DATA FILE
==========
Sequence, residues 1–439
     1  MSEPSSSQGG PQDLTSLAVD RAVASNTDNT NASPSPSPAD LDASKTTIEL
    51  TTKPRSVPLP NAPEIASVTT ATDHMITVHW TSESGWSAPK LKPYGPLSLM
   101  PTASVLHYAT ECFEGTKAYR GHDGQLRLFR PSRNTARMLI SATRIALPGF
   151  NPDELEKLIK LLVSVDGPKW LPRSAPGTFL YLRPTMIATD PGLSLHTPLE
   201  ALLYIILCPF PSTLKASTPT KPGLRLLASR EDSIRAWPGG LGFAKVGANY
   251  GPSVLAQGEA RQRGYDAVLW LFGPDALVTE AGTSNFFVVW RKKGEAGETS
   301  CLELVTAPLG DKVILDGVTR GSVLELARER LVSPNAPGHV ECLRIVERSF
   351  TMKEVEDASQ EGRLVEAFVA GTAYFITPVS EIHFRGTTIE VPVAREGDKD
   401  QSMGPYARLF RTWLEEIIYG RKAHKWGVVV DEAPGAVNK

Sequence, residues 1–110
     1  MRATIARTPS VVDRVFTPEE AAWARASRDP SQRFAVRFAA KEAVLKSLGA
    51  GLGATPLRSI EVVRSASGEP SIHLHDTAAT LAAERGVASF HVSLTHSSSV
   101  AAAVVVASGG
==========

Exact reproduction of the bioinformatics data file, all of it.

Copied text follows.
Sequence, residues 1–439
     1  MSEPSSSQGG PQDLTSLAVD RAVASNTDNT NASPSPSPAD LDASKTTIEL
    51  TTKPRSVPLP NAPEIASVTT ATDHMITVHW TSESGWSAPK LKPYGPLSLM
   101  PTASVLHYAT ECFEGTKAYR GHDGQLRLFR PSRNTARMLI SATRIALPGF
   151  NPDELEKLIK LLVSVDGPKW LPRSAPGTFL YLRPTMIATD PGLSLHTPLE
   201  ALLYIILCPF PSTLKASTPT KPGLRLLASR EDSIRAWPGG LGFAKVGANY
   251  GPSVLAQGEA RQRGYDAVLW LFGPDALVTE AGTSNFFVVW RKKGEAGETS
   301  CLELVTAPLG DKVILDGVTR GSVLELARER LVSPNAPGHV ECLRIVERSF
   351  TMKEVEDASQ EGRLVEAFVA GTAYFITPVS EIHFRGTTIE VPVAREGDKD
   401  QSMGPYARLF RTWLEEIIYG RKAHKWGVVV DEAPGAVNK

Sequence, residues 1–110
     1  MRATIARTPS VVDRVFTPEE AAWARASRDP SQRFAVRFAA KEAVLKSLGA
    51  GLGATPLRSI EVVRSASGEP SIHLHDTAAT LAAERGVASF HVSLTHSSSV
   101  AAAVVVASGG